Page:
* The Colorado Avalanche steamrolled the Dallas Stars, thanks in no small part to Paul Stastny’s two goals and two assists for four points. He’s a pending UFA making $6.6M a year at 27 years old, and has 21 points (10 and 11) in 30 games…think the Avs let him walk for nothin’? Nu-uh. Point is, he just upped his trade value for Colorado (cause I don’t think they wanna give him near what he’ll get on the open market).
* Stastny’s teammates Parenteau (three assists) and Duchene (two assists) did just fine for themselves too. Meanwhile, their opponent Tyler Seguin limped along with a sad one and one for two, giving him 33 points in 30 games (11th in NHL points).
* Sidney Crosby scored the game-winner while while Marc-Andre Fleury stopped 25 of 26 en route to the Penguins – essentially the Wilkes-Barre/Scranton Penguins-plus-Crosby – beating the Leafs 3-1 with an empty-netter. (Not sure why Kulemin’s rushing out to the point while his d-men are clearly going to be occupado for a sec and the puck’s on the wall).
* Evander Kane had a goal and an assist for the Jets as they snuck by the Blue Jackets 3-2.
* Chris Stewart scored twice for the St. Louis Blues, but the Ottawa Senators prevailed thanks to Bobby Ryan’s one-and-one for two, and Cody Ceci’s first NHL goal. More on that below.
Sens win in OT
Cody Ceci scored his first NHL goal, which has to be a pretty cool day for a young player. OH, it was also an overtime winner at home versus a good opponent.
Yeah, it was most definitely a cool moment.
Speaking of NHL firsts…
The Leafs promising young defenseman Morgan Rielly also tallied his first NHL goal ever. And while it wasn’t in overtime, it did showcase his skill set nicely. Great skating, great wrister.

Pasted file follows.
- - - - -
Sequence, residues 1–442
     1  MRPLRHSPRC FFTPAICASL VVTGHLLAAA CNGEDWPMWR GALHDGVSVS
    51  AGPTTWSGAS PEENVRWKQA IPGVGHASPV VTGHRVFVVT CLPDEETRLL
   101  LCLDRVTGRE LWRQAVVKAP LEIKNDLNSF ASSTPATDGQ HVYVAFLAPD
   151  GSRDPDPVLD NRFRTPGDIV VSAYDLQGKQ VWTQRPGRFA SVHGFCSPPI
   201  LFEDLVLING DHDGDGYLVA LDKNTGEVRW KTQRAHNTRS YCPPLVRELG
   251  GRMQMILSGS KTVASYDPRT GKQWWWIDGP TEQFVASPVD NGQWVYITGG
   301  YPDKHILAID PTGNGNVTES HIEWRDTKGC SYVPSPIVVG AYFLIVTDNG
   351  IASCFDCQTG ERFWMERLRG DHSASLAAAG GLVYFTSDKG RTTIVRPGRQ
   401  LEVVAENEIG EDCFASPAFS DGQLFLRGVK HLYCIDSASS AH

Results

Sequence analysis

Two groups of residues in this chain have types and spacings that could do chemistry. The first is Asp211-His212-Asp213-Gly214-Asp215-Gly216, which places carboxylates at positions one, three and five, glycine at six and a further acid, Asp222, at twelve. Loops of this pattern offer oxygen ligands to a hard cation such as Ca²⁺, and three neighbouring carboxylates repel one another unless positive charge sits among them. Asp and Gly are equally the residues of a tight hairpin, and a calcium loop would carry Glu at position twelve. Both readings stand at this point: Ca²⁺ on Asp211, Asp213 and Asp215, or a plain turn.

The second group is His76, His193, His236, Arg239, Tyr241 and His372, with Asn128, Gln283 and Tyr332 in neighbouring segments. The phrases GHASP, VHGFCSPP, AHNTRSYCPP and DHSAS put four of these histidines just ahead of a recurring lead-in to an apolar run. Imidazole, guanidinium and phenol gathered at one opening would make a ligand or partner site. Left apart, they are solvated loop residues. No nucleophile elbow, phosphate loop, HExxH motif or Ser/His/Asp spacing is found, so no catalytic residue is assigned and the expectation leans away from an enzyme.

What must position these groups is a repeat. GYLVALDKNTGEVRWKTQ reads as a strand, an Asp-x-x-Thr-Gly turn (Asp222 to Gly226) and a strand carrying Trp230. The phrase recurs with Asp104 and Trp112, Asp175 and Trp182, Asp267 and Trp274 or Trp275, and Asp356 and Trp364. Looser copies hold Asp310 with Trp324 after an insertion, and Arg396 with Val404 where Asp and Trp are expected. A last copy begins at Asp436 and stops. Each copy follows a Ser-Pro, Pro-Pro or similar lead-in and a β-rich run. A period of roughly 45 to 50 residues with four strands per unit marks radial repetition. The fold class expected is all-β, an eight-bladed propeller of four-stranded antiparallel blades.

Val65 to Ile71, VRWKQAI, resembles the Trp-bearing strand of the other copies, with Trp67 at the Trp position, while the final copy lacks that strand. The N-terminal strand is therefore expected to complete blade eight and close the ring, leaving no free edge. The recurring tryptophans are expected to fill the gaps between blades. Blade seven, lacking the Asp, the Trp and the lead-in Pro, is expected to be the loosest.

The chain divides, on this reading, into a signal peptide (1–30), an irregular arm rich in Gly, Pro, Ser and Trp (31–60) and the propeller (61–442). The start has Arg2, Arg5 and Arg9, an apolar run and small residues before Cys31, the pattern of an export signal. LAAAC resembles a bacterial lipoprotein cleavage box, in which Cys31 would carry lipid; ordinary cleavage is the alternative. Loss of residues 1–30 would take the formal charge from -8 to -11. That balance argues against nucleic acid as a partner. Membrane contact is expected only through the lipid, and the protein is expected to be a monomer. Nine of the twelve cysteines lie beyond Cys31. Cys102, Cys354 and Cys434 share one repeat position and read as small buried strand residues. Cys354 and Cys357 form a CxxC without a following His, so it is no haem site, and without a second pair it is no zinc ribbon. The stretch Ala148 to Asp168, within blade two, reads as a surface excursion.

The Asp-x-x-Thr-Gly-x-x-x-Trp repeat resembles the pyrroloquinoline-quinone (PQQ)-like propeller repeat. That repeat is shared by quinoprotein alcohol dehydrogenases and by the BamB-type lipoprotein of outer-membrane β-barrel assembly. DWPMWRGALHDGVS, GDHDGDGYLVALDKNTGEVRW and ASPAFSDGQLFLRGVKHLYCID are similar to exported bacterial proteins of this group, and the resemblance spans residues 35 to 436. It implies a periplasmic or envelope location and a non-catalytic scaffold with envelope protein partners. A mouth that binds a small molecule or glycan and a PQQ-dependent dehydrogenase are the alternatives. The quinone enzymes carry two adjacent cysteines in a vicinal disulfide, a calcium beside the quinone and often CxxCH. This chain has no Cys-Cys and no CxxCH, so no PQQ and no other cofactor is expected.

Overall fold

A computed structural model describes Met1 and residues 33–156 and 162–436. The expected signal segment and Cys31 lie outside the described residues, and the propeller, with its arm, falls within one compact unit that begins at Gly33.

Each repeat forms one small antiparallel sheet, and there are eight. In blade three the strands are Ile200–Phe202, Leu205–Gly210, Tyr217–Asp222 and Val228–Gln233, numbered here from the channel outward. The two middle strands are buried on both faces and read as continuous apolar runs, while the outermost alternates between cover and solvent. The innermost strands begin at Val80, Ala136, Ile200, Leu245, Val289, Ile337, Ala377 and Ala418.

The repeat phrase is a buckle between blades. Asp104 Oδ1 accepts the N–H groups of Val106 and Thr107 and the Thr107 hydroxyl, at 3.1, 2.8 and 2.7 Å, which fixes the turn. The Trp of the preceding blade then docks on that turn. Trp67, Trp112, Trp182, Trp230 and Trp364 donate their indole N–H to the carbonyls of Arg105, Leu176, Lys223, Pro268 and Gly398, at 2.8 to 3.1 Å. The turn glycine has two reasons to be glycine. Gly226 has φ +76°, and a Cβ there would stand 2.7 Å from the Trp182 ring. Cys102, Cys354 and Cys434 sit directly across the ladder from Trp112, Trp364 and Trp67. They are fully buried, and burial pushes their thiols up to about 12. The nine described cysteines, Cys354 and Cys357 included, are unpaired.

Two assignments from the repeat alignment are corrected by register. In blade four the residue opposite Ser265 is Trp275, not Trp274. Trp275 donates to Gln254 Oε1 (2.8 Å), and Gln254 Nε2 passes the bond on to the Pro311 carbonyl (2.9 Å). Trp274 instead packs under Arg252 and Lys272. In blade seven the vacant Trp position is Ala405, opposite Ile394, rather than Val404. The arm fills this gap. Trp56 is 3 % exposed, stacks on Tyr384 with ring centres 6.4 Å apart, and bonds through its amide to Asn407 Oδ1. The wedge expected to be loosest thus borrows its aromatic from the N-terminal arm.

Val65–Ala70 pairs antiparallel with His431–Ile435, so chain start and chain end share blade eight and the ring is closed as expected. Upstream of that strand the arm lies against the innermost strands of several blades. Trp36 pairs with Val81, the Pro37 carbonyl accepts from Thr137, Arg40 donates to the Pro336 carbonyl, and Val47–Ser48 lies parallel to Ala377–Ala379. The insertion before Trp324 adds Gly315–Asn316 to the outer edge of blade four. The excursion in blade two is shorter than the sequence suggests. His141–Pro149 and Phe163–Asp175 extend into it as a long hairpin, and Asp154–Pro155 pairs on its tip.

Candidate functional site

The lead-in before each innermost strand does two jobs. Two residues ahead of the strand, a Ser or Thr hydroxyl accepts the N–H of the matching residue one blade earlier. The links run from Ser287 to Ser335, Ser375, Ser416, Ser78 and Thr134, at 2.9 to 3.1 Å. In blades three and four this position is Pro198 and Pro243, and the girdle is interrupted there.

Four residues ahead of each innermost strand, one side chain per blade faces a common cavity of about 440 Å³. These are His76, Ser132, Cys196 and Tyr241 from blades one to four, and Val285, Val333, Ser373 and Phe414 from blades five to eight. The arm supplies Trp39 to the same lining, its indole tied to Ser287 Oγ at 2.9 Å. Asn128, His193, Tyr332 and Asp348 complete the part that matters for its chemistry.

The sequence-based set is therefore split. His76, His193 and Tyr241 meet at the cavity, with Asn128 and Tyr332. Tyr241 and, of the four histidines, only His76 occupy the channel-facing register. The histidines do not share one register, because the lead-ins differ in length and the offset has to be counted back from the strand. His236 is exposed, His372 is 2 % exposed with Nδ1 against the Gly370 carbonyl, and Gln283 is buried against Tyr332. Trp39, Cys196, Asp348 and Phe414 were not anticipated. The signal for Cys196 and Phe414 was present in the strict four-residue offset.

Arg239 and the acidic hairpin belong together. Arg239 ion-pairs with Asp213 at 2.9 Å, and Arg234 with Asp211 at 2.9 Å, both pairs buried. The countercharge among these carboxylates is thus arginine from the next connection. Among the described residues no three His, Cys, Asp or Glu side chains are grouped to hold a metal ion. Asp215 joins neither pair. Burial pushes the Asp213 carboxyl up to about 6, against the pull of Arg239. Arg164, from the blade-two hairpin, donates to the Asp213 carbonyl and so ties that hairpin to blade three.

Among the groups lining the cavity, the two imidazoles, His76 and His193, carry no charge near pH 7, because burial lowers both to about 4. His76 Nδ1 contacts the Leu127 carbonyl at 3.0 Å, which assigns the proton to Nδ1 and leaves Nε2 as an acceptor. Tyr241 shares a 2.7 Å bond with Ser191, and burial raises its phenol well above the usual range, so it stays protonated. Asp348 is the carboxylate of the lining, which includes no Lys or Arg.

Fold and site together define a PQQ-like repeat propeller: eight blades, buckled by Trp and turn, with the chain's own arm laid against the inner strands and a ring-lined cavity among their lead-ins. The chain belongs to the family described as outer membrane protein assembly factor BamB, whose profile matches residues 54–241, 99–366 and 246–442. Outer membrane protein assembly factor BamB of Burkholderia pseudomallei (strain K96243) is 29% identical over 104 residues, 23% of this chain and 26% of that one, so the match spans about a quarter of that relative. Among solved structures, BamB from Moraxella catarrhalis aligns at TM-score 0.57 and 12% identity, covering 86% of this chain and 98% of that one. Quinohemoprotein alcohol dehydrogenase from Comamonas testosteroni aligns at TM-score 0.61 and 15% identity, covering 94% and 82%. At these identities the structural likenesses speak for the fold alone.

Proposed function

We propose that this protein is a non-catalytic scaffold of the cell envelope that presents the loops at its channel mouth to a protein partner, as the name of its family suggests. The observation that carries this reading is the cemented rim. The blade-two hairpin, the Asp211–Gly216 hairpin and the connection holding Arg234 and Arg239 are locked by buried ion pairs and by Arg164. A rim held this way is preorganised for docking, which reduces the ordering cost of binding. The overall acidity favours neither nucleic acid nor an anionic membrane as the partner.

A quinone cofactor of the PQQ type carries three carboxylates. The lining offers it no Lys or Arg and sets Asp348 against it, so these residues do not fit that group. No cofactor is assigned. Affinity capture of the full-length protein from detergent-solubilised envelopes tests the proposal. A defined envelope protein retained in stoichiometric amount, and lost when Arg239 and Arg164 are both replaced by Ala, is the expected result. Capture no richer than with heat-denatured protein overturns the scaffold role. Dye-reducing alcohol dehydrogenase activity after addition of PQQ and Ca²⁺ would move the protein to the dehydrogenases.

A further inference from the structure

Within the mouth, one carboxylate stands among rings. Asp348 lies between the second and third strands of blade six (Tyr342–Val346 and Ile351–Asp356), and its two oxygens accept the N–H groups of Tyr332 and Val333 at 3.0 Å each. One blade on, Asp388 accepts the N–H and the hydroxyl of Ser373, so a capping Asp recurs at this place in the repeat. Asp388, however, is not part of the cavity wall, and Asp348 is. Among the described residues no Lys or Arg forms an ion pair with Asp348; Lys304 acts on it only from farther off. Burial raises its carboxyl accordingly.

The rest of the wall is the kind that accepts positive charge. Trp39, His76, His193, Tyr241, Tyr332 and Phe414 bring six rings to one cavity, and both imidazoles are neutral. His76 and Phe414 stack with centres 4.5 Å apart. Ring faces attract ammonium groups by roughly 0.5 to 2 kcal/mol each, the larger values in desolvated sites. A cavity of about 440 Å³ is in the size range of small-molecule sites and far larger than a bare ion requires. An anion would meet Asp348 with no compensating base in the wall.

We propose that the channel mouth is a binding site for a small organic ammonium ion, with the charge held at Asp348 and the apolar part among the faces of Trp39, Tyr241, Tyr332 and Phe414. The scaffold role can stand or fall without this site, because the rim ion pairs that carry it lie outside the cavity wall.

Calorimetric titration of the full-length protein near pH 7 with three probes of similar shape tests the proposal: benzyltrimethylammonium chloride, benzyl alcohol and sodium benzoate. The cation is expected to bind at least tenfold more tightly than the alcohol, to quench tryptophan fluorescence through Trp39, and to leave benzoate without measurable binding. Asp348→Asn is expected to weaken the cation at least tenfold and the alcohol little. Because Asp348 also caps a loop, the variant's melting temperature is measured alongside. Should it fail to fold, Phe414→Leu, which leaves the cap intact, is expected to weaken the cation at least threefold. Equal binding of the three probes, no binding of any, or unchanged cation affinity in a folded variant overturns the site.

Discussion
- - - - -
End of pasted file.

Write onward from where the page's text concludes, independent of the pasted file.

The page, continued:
There was a (rightfully) unpunished “head shot”
Pens d-man Robert Bortuzzo stepped up on Leafs forward Jerry D’Amigo, and treated him like he would anyone with his head down near the puck who was trying to get by him – he body-checked him. Some head gets hit, but man – what’s a d-man supposed to do, get on his knees? Let him by?
Anyway, he’s not in any trouble for the play, the league recognized it for what it was.
In looking at Bortuzzo/D’Amigo, we see unavoidable head contact on an otherwise full body hit. Will not be pursuing supplemental discipline.
— NHL Player Safety (@NHLPlayerSafety) December 17, 2013
The biggest shame? Toronto let D’Amigo back in the game, and he gets rocked a shift later…by Bortuzzo. He left the game with what appears to be a smashed rib and bruised brain, but that’s total observer speculation, devoid of true fact. Could just be a little shoulder twinge, we’ll see.
At least tough guy Jonathan Bernier exacted some revenge on the Pens Jayson Megna later on. (Via Redditor)
If you like big hits and have no sympathy for 16-year-olds getting hurt by 19-year-olds (who narrowly missed making Canada’s World Junior team), here’s Brendan Leipsic coming from an odd place on the ice to destroy Keegan Kolesar in the neutral zone. (You’re not a bad person for watching it, it’s okay.)
Making the transition to a new league is tough. Younger players are all coming from somewhere that they were The Guy. If they had full possession before, they never really had trouble going where they wanted.